greece31 (1) - GREEK PHILOSOPHY GREEK PHILOSOPHY AND...

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Unformatted text preview: GREEK PHILOSOPHY GREEK PHILOSOPHY AND HELLENISM Key terms in lecture: Thales Anaximander Parmenides Plato “Perfect forms” Aristotle Philip II Alexander the Great Hellenism Hellenistic kingdoms Questions: Questions: How did Greek philosophers create a new tradition of rational philosophy of the universe and human society? Why did the Greek city­states succumb to invasion and how did Alexander the Great conquer a vast area in his short lifetime? How was Greek culture spread throughout Alexander’s empire in the Hellenistic period? I. The Legacy of Greek Philosophy I. The Legacy of Greek Philosophy ­ philosophy = “love of wisdom” ­ rational inquiry into nature and human society, based on reason, logic observation not divine or supernatural forces Ionian philosophers: Ionian philosophers Thales (625­547 BC): water as fundamental substance Anaximander (610­527 BC) Parmenides (515­450 BC) Plato (427­347 BC), Plato (427­347 BC), • Search for ideal political form as response to troubles of poleis • Realm of “Perfect Forms”; everything on earth is imperfect copy of forms • The Republic calls for philosopher­kings to lead society; people are “gold”, “silver” or “bronze”; anti­democratic Aristotle (384­322 BC) Aristotle (384­322 BC) • Greatest pupil of Plato; very wide range of studies • Rejects ideal forms for philosophy rooted in nature • Essential forms contained within each object • Defines humans as “political animals”; studies constitutions of poleis to find ideal • Advocates balance between oligarchy and democracy II. Philip II of Macedonia and Alexander the Great (r. 336Alexander 323 BC) II. Philip II of Macedonia and Alexander the Great (r. 336-323 BC) Alexander Macedonia: north of Greece, Greek­speaking, considered uncivilized hinterland by classical Greeks 338 BC, Philip II of Macedonia conquers divided Greece 336 BC, his son Alexander inherits empire As Alexander launched his journey of conquest, who accompanied him in addition to the military? A. A. Royal wives and concubines to ensure their faithfulness to Alexander The sons of the kings of the Greek city­states to ensure their loyalty in Alexander’s absence Philosophers, poets, and scientists to pursue an expedition of discovery A group of Athenian merchants to guide Alexander when establishing economic policies in conquered territories B. C. D. This head of Alexander from Pergamum, in marble, was probably executed during the reign of Eumenes II (197­ 159), and based on an original made during Alexander's lifetime. Roman copy of a Greek original possibly by Lysippos, Alexander's official sculptor. Unlike other idealized images of Alexander, this look likes a portrait from life. This statue is now in the Louvre in Paris, France. A silver teradrachm coin minted late in Alexander's reign. This coin is an "official" portrait, produced in large numbers. ­ 331 BC, defeat of Darius, conquest of Persepolis Alexander Mosaic, copy of original mosaic from 300BCE, found in Pompeii in 1831 Darius Alexander II. Philip II of Macedonia and Alexander the Great (r. 336-323 BC) Alexander ­ 338 BC, Philip II of Macedonia conquers divided Greece ­ 336 BC, Alexander inherits empire ­ 331 defeat of Darius, Persian emperor, conquest of Persepolis ­ 323 BC, Alexander’s death in Babylonia Hellenism Hellenism ­ c. 275 BC establishment of three Hellenistic kingdoms: Seleucid Monarchy, Ptolemaic Monarchy, Antigonid Monarchy III. Hellenism Hellenism c. 275 BC establishment of three Hellenistic kingdoms: Seleucid Monarchy, Ptolemaic Monarchy, Antigonid Monarchy cities run by Greek elite for kings spread of Greek language and culture in Near East Greek ruins at Ay Khanum, Afghanistan Greek mosaic in Ay Khanum, Afghanistan ...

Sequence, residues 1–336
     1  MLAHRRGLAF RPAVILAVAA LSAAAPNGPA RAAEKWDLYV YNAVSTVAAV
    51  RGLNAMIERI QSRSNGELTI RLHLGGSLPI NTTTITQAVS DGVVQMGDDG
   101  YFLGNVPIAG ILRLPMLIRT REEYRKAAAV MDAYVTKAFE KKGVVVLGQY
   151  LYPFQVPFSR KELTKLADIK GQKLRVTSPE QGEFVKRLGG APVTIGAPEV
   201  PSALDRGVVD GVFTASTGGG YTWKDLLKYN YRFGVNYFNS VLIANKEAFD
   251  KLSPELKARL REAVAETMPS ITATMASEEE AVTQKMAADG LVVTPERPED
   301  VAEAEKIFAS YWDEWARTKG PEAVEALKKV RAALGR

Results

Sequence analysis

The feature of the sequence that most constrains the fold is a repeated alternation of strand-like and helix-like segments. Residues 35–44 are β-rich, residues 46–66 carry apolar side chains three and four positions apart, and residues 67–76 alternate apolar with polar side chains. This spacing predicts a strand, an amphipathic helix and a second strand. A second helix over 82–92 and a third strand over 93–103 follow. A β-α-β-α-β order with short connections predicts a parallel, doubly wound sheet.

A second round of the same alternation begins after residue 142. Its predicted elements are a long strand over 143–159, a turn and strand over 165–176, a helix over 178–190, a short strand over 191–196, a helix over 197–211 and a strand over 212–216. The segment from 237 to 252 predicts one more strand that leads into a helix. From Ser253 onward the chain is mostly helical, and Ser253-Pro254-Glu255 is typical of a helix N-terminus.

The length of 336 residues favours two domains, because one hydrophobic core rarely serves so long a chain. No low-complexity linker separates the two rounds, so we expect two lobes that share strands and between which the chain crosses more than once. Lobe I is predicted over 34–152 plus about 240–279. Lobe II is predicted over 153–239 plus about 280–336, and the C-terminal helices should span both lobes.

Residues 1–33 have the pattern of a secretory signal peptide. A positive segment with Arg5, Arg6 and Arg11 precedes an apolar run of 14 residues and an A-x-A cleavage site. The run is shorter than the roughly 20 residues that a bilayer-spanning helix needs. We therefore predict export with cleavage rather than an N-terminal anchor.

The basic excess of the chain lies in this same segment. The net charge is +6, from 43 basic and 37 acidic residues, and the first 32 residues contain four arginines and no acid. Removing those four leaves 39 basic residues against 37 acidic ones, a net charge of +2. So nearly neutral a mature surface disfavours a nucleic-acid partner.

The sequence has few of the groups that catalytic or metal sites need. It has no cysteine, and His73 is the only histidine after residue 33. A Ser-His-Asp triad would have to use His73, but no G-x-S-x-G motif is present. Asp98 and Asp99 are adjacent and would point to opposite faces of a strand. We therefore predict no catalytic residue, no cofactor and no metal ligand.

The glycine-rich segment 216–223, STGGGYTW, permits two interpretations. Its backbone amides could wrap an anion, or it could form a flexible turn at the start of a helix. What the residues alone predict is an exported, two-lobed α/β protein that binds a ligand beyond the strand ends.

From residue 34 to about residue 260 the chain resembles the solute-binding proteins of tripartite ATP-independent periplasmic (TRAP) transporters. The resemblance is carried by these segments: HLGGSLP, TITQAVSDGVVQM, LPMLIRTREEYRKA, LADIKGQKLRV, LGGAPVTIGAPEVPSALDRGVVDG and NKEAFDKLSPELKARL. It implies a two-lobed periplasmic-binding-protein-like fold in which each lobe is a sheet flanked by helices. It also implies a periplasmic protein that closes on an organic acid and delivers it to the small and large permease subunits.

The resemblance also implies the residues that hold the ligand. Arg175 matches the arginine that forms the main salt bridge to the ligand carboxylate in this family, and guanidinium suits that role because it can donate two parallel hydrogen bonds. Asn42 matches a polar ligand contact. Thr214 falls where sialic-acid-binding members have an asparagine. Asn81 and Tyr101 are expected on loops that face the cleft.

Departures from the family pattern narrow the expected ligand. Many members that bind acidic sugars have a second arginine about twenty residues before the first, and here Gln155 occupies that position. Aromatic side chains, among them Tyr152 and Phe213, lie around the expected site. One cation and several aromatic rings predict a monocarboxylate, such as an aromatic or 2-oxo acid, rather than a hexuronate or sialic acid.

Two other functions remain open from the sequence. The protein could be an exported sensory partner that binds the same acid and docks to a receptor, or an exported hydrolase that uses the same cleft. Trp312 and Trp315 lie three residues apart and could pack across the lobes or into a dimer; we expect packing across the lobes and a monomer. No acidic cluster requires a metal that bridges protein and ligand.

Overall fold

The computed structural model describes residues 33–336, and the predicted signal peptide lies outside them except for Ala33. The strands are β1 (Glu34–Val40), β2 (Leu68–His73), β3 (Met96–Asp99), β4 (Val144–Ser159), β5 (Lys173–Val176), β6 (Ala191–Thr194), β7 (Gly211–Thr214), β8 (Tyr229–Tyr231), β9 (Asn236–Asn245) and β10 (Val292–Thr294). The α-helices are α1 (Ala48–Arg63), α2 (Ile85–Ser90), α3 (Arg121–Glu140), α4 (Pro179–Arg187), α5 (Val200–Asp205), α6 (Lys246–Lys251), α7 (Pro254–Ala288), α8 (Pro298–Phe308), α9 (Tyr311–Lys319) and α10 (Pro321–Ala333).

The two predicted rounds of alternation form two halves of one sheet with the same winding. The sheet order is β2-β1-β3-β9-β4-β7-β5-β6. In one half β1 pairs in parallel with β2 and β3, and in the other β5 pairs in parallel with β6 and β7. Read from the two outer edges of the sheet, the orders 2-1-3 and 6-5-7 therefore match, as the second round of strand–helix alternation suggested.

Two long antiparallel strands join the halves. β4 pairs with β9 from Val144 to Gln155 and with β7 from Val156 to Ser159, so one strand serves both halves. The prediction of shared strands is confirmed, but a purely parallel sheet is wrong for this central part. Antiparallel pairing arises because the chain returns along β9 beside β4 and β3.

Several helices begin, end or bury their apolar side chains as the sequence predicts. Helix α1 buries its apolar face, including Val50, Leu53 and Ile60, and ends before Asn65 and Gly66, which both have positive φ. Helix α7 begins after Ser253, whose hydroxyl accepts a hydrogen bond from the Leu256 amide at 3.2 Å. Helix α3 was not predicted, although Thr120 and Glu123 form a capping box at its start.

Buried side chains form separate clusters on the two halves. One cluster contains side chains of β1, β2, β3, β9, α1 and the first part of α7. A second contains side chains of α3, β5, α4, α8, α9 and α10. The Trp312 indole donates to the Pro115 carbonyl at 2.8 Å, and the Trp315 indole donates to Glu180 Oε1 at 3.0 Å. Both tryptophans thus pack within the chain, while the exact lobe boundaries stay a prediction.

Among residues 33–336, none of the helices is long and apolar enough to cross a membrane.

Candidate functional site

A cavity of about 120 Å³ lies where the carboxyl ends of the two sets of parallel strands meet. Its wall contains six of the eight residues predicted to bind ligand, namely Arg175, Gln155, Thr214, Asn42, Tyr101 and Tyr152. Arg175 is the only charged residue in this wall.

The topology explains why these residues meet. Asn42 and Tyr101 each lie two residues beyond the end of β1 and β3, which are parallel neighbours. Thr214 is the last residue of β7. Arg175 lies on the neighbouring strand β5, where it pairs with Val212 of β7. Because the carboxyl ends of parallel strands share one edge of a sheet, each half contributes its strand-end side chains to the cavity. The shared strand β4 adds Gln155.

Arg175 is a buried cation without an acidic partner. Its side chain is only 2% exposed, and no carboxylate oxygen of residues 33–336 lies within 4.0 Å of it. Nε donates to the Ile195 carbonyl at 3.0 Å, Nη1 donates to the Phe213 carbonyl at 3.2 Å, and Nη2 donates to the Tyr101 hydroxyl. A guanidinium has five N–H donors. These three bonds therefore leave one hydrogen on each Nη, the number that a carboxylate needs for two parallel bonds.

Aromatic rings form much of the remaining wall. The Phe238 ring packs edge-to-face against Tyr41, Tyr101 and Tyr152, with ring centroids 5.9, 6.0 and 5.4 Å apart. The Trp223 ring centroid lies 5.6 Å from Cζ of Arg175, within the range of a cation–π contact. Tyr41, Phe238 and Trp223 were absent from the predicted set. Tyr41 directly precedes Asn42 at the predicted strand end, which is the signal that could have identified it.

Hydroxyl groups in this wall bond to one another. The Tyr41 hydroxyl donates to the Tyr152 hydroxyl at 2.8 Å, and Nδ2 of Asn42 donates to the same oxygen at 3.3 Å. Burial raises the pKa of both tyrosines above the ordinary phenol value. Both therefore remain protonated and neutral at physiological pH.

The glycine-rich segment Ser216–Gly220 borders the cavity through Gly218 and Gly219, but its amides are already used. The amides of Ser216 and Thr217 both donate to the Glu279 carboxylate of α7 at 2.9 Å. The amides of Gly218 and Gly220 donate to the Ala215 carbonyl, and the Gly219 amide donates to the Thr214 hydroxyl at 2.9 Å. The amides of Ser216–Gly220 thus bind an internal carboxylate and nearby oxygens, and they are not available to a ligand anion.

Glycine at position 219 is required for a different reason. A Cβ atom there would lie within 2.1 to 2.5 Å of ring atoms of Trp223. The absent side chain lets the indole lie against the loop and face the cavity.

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This note was uploaded on 02/23/2011 for the course ECON 103 taught by Professor Staff during the Spring '08 term at University of Illinois, Urbana Champaign.

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